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The governor speaks at a press conference livestreamed by Western Mass News at a new drive-through testing facility set up for first-responders at Gillette Stadium.

Governor Raises Possibility of Testing, Field Hospital in Western Mass

By Tammy DanielsiBerkshires Staff
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FOXBOROUGH, Mass. — Conversations are under way on the possibility of setting up a testing facility in Western Massachusetts for public safety personnel and for an expansion of bed capacity.
 
Standing outside the new drive-through testing site at Gillette Stadium in Foxborough on Friday, Gov. Charlie Baker stressed the need for more testing and tracing capacity for the novel coronavirus.
 
"Testing capacity in the commonwealth is a major part of our multipronged approach, pushing back against the spread of the virus," he said. "Testing ... helps us determine, not only who's infected but where particularly around the commonwealth, we may have hot spots that we need to focus on."
 
The governor on Friday announced a collaboration with Partners in Health to expand contract tracing throughout the state to pinpoint hot spots, advise those who may have been infected and support people in isolation. 
 
More than 68,000 tests have been conducted, exceeding 5,000 a day. The drive-through at Gillette is expected to test 200 or more a day.
 
The drive-through testing is being offered free to police officers, firefighters and other personnel who perform critical public safety functions; those seeking testing have to contact their supervisors for more information. State guidelines have been disseminated to eligible departments. The site will provide testing seven days a week with results within 24 to 48 hours.
 
"We've been having conversations with our colleagues in Western Mass and our colleagues in the Merrimack Valley. And I think you can expect to see additional sites open up," Baker said. "I think you can expect to see additional sites open up."
 
Lt. Gov. Karyn Polito said the testing site was critical for first-responders who are putting their health on the line in their jobs to know their status so they can take care of themselves but their families as well. 
 
"That test will allow them to understand what their status is, then they can take the next step to protect themselves and recover and also to protect their families at home," she said. 
 
"Another strategy that obviously we've talked about a lot over the last couple days is expanding our medical capacity to treat those who are infected," Baker said. "To that end, we've been working to increase hospital capacity, secure key medical supplies like ventilators from the federal government and increase the supply of personal protective support our frontline workers, they battle against the virus."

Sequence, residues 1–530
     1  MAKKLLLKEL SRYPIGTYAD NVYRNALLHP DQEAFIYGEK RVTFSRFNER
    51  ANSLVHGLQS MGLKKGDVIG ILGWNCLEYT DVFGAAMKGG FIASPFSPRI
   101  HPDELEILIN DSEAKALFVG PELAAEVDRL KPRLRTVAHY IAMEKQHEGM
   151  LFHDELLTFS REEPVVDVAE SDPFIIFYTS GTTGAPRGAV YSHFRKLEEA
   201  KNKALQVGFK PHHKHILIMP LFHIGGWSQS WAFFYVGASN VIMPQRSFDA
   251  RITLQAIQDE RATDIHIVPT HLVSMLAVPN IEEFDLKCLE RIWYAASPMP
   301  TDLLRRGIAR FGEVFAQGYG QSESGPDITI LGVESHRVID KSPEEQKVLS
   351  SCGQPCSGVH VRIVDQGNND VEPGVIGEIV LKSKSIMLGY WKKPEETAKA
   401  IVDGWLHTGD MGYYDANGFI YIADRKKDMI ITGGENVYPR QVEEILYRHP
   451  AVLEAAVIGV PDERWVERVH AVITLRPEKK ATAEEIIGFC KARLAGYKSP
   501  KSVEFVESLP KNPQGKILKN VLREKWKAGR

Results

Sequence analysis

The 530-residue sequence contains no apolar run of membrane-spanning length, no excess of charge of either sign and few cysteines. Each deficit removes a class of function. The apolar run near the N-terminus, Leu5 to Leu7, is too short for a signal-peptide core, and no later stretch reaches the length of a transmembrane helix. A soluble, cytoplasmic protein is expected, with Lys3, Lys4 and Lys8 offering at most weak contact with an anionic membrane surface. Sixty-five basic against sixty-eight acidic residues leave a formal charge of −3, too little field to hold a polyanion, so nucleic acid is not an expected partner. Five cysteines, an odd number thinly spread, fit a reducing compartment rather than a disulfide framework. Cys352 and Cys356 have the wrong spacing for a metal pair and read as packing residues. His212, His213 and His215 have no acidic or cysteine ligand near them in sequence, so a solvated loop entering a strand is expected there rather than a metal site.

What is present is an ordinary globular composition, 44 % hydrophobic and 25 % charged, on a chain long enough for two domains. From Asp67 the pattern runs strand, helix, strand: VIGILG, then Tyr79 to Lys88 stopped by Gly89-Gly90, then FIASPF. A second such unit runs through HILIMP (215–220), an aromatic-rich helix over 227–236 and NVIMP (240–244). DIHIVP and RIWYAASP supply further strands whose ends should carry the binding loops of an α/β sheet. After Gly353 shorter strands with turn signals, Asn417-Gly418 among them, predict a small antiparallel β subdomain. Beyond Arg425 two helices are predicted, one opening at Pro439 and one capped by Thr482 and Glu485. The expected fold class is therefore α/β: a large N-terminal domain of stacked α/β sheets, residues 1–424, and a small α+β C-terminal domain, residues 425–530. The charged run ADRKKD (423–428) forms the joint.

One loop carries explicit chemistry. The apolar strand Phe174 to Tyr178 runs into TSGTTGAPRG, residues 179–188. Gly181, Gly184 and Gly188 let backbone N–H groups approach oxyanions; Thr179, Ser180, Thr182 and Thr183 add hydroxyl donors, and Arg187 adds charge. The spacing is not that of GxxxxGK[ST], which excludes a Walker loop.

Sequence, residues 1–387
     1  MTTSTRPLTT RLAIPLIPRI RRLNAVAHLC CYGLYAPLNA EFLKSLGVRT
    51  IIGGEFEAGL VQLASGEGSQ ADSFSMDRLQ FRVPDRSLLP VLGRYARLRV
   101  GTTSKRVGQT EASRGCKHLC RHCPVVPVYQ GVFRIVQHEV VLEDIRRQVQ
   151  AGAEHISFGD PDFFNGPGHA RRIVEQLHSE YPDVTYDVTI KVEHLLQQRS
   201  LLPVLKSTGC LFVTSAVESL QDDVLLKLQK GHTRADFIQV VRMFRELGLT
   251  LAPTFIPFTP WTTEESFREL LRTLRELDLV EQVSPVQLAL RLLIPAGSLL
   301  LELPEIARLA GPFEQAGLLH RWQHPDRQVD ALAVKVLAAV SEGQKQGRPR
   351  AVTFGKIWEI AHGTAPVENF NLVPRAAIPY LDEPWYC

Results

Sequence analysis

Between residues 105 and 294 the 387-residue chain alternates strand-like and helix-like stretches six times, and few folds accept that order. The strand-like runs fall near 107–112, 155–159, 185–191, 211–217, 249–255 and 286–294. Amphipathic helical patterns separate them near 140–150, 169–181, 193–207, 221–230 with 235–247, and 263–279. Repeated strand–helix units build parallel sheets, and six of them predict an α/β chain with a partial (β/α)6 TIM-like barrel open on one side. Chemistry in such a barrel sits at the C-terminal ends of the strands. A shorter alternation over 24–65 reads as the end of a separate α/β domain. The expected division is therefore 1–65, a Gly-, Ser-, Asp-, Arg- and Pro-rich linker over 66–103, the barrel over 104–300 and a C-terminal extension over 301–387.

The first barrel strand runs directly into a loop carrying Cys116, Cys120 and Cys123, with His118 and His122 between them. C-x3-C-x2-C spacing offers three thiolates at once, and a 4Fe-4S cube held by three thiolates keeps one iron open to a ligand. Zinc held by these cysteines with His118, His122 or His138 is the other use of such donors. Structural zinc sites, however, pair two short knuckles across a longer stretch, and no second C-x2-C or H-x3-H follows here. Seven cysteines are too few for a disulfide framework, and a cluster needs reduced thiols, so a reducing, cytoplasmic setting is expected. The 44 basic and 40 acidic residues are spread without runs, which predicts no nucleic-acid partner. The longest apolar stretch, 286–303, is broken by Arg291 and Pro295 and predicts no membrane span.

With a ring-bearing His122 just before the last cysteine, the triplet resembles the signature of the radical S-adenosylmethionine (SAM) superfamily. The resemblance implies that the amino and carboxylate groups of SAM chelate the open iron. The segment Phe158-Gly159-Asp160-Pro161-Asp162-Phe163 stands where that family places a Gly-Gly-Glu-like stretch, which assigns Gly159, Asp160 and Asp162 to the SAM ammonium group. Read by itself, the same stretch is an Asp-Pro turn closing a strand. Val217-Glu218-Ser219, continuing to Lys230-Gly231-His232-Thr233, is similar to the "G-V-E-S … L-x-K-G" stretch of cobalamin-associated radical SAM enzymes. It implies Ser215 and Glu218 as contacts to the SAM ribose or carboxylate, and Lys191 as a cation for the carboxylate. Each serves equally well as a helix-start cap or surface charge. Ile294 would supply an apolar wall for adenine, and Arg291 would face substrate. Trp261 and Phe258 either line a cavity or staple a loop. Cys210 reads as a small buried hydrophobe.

The governor said the state Saturday night received 100 ventilators from  the Strategic National Stockpile that will be dispersed according to the recommendations of the medical advisory board attached to the COVID-19 Command Center. 
 
Still, it's far below the 1,000 original request the state put in that was more recently updated to a 1,400.
 
"We believe that the process as it's been laid out to us is going to be an incremental one we don't believe this is the last shipment, we fully expect that will get additional ventilators over the course of two weeks," he said. 
 
It's not clear when that will happen: recent reports put the number ventilators in the stockpile at just over 9,000 with requests coming in from around the country. 
 
The state is still struggling to obtain enough personal protective equipment and last week was aided by the Kraft family in obtaining one million N95 masks by having the New England Patriots' team plane fly directly to China to transport them. 
 
Three times Massachusetts had been outbid by the federal government for gear and had supplies commandeered by the feds including 3 million masks in the Port of New York. The Krafts were able to get the "secured purchase" into the state without incident.
 
Several "step down" bed facilities are being established similar to the DCU Center in Worcester opened last week in combination with existing facilities setting  aside floors or areas for patients no longer requiring acute care. 
 
"There's also a conversation going on about potentially doing one in Western Massachusetts," Baker said. 
 
State officials are preparing for a surge in COVID-19 cases in the next week or so. The number of infections could range from 47,000 to 172,000 based on a wide range of factors, including if the stay at home advisories and social distancing have been able to "flatten the curve" of the surge.

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Trail Conservancy Cautions Pandemic Care When Hiking

By Jack GuerinoiBerkshires Staff
NORTH ADAMS, Mass. — Although most of the Appalachian Trail is still open, hikers are asked to practice common sense during the pandemic while on the trail or to just stay home.
 
COVID-19 has challenged people to find new ways to stay active while practicing social distancing and local trail volunteer Cosmo Catalano, Jr said although folks are encouraged to stay home, common sense needs to be used to maintain social distancing. 
 
"The AT, along with other trails on public lands provides an important resource for people to get outdoors in a healthy way," he said. "With care and common sense, it's relatively easy for people to maintain appropriate social distance and enjoy the outdoors."
 
Catalano said the trail organization structure is complicated and is organized by a number of entities. In Massachusetts about half the trail is on state forest lands managed by the Department of Conservation and Recreation. The other half is on lands managed by the National Park Service.
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